No. While UDP does deliver packets reliably 98-99% of the time, without duplicating packets 99.9% of the time, and in-order 99.9% of the time, there is absolutely no guarantee for either of these (in fact you are expected to be prepared for all of these), and reality verifiably doesn't look 100% perfect all the time.
UDP does very little more than raw IP. Datagrams are fired and forgotten (unless the application explicitly does something extra). They make it through a router, or they don't. Eventually, they arrive at the other end, possibly in a different order -- or they don't, for known and for unknown reasons. Rarely, they're duplicated for unknown and unpredictable reasons, and the two packets may take different routes, arriving in either order, and even after later datagrams.
Normally, UPD just works, but every now and then, there's packet loss, that's an unavoidable truth. Usually this happens in bursts (so you don't randomly lose one out of a hundred packets, but you get a few thousand of them 100% reliably, and then suddenly an intermediate router gets a hiccup on a full queue, and you lose a dozen packets).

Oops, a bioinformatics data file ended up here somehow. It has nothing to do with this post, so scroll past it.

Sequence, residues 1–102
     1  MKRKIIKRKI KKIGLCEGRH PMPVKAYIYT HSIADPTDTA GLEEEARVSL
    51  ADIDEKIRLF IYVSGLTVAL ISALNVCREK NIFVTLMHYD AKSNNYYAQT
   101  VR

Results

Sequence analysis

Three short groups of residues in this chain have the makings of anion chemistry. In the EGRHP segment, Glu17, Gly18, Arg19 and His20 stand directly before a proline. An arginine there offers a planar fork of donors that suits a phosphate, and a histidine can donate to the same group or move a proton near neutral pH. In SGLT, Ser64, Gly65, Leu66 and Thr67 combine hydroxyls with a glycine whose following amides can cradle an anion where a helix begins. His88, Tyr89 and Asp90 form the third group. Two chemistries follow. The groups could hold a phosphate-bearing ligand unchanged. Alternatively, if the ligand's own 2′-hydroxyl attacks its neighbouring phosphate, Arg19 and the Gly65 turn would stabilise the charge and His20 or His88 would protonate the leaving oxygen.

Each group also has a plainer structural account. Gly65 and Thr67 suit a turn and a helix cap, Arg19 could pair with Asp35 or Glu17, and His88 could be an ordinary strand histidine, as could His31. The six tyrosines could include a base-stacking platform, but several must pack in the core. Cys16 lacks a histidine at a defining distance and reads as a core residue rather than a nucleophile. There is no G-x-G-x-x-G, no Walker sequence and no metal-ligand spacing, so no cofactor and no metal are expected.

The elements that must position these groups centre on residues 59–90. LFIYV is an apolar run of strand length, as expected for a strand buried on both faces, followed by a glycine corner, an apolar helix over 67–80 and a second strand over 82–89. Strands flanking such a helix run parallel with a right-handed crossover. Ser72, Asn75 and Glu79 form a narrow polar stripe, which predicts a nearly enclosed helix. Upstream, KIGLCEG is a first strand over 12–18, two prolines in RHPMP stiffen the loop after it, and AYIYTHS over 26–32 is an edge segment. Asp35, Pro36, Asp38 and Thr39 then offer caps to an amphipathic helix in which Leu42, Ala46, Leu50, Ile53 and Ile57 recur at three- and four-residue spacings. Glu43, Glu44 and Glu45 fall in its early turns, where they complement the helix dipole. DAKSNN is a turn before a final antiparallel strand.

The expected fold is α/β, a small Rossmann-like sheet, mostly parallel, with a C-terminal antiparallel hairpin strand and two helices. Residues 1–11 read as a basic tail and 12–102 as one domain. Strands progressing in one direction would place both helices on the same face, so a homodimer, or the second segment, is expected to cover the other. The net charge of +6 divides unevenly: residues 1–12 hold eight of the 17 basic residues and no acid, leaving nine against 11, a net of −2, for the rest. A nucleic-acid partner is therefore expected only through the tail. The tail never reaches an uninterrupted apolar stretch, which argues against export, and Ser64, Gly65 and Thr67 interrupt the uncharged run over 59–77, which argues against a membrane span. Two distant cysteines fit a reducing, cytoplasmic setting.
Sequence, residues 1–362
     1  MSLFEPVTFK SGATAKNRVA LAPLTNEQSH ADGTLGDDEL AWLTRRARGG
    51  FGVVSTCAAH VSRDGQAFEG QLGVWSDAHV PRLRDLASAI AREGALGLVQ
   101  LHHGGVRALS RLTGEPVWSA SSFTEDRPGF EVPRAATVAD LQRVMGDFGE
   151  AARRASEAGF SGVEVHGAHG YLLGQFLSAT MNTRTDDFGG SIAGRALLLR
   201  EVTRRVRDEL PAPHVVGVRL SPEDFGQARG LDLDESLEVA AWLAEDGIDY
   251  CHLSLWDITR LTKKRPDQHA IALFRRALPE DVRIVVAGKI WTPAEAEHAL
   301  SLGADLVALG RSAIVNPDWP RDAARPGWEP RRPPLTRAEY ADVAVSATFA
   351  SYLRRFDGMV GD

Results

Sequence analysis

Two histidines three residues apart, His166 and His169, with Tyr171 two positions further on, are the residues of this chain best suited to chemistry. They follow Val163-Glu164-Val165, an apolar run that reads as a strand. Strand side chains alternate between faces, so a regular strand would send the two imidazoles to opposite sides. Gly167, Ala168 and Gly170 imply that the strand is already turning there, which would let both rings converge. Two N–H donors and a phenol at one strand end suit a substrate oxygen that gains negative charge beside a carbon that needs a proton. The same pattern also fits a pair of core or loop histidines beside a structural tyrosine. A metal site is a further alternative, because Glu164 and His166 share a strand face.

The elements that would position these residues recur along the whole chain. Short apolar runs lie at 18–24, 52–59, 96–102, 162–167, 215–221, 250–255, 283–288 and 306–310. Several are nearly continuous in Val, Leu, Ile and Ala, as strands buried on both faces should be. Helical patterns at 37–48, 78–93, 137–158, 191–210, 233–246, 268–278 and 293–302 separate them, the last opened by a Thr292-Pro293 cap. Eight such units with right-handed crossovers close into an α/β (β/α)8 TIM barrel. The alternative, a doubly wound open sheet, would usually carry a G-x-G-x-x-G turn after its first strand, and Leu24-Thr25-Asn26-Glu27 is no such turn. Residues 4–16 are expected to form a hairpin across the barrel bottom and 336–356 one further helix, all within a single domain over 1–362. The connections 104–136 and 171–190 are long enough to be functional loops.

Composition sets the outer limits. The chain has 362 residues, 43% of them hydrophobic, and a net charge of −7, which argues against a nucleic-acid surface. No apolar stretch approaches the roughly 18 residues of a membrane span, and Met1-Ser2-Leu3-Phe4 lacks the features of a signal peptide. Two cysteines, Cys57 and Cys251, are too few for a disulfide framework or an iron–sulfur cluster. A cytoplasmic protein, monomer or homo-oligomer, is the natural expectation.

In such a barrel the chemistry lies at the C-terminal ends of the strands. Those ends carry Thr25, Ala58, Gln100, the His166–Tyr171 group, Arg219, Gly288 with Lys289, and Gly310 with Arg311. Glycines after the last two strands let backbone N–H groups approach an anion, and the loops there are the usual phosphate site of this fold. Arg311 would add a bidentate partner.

If a datagram arrives, and if its checksum is good, and if there is space remaining in the receive buffer, it is placed in the receive buffer. Otherwise it is dropped (datagrams already in the buffer remain there).
An application using UDP must be prepared to deal with any and all of this.
Each time the receiving application performs a read/receive, a complete datagram -- if there is one -- is removed from the receive buffer, and gone forever thereafter (even if you've only read half of it). Never anything more, never anything less. Applications must also be prepared to deal with this.
If you want ordering, you must put in an explicit counter of sorts, and implement it yourself. If you want reliability, you must implement it (with some sort of ACK/NACK scheme).